Today, Dell representatives told reporters that while the company will make changes to its LCD TV line, it will be staying in the LCD TV market for the long haul.  Dell spokeswoman Rachel Lyon revealed that Dell will actually offer a larger selection of screens.

“We will soon offer a wider assortment of televisions from leading manufacturers that feature the latest technology and meet Dell’s high standards for performance,” said Lyon.”

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Dell Leaves LCD TV Business

June 7, 2007

“Do you own a Dell LCD TV? No. Exactly. That’s why Dell is pulling out of the LCD TV, instead focusing on what brought it to the dance in the first place. Dell, like many other non-traditional LCD brands, simply slapped its logo onto someone else TV and carried on from there. What was seen as a method to diversify the company is now looked at a waste of time a resources.”

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Dell, What Gives With Your New Ubuntu PCs?

June 7, 2007

I’ve got to say I’m quite disappointed in what I’ve been reading from the reviews (Inspiron E1505 N, XPS 410 N) out there. It appears that Dell’s new Ubuntu PCs are nothing more than pre-built desktops and laptops with no operating system in place. What’s more, the only thing owners get in the box to get them on their way is an Ubuntu Install CD with a Dell EULA agreement (screenshot) added at the start. That’s pathetic!!! How’s that for a first time user experience (especially for those with no Linux experience)?”

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Dell XPS m1330 Performance Ultraportable Revealed

June 4, 2007

“13.3-inch screen, configurable with LED backlight! (300cd/m2, or 220 with CCFL backlight)

  • Core 2 Duo processor (up to 2.4GHz), Santa Rosa chipset (965PM/GM)
  • Up to 4GB DDR2 SDRAM
  • 32GB SSD drive or spinning-platter drive options up to 250GB
  • Slot-loading dual-layer DVD±RW drive!
  • Optional NVIDIA GeForce Go 8400M GS / 128MB”

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Wal-Mart To Sell Dell Desktops In June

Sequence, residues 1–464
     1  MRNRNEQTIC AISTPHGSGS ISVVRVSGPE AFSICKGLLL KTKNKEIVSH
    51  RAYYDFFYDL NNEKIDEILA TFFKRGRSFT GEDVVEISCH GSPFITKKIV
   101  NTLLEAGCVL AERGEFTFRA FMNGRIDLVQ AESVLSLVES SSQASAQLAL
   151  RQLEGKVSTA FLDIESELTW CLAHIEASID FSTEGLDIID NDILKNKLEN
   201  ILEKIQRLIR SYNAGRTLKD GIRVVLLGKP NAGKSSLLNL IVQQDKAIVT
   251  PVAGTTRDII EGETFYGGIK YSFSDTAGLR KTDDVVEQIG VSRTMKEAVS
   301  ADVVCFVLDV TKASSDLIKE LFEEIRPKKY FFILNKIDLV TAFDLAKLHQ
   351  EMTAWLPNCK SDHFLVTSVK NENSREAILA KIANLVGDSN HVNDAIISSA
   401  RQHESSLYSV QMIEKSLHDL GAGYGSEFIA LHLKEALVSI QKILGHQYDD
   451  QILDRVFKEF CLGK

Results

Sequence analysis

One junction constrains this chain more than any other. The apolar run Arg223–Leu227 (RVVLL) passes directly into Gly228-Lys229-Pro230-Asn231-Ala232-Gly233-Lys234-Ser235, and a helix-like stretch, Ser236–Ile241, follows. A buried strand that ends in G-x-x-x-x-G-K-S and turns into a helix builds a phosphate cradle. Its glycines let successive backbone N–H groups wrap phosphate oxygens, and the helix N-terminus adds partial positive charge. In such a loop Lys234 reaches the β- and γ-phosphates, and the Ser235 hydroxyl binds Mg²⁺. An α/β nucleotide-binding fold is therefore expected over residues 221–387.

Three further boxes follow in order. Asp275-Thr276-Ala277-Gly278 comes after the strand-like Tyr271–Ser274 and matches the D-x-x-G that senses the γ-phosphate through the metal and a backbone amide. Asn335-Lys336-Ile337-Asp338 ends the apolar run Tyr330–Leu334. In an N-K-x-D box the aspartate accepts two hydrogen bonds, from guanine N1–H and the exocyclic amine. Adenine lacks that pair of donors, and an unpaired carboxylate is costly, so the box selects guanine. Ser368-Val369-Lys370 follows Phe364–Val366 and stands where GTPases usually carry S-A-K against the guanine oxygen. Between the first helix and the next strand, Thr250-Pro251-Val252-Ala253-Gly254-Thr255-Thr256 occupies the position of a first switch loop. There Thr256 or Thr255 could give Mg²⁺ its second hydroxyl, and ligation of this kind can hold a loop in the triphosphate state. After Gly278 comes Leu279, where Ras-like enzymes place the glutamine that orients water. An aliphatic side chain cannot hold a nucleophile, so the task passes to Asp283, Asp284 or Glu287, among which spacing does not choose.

May 24, 2007

Wal-Mart Stores on Thursday said it would sell Dell desktops in stores in the United States, Canada and Puerto Rico, beginning next month.The world’s largest retailer said it would offer several models built exclusively for Wal-Mart. One would be a Dell Dimension Multimedia Desktop, which would be available at all 3,400 Wal-Mart and Sam’s Club stores in the United States and Puerto Rico.

A second model, which would be announced later, would be sold at 3,000 stores. Both models would be available June 10, and would sell for less than $700. At the same time, Wal-Mart would carry different exclusive models in Wal-Mart and Sam’s Club stores in Canada.

The companies said they would evaluate sales and “make changes accordingly in distribution or product based on consumer feedback and purchase response, already anticipated to be high.”

Wal-Mart said this month that it planned to expand its electronic offerings in stores. “Dell is a proven electronics brand and adds a new compliment to our other high quality desktop selections,” the retailer said in a statement.”

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Google Turns The Page… In A Bad Way

May 23, 2007

“This is a long post but it’s worth the read. In short, Google and Dell have teamed up to install some software on Dell computers that borders on being spyware. I say spyware because it’s hard to figure out what it is and is even harder to remove. It also breaks all kinds of OpenDNS functionality. At the end, I’ll tell you what we’re doing about it.About a year ago Google and Dell announced a partnership to include the Google Toolbar on new Dell computers. At the same time, Google was trying to convince the Department of Justice that changing the default search engine in the (then) new IE7 was too difficult (when in reality it’s really simple). Installing the toolbar meant that users would have Google as their default search engine in IE7. It also meant that Dell and Google would share some of the revenue from the advertising clicks that resulted from these installations, much like The Mozilla Foundation does with its Firefox browser.”

“This page isn’t being shown to Dell owners just because they have the Google Toolbar. In fact, uninstalling the Google Toolbar won’t get rid of it. Dell and Google are now installing a second program on computers that intercepts all sorts of queries that the browser would normally try to resolve. This program has no clear name and is very hard to uninstall. In some circles, people would call this spyware.”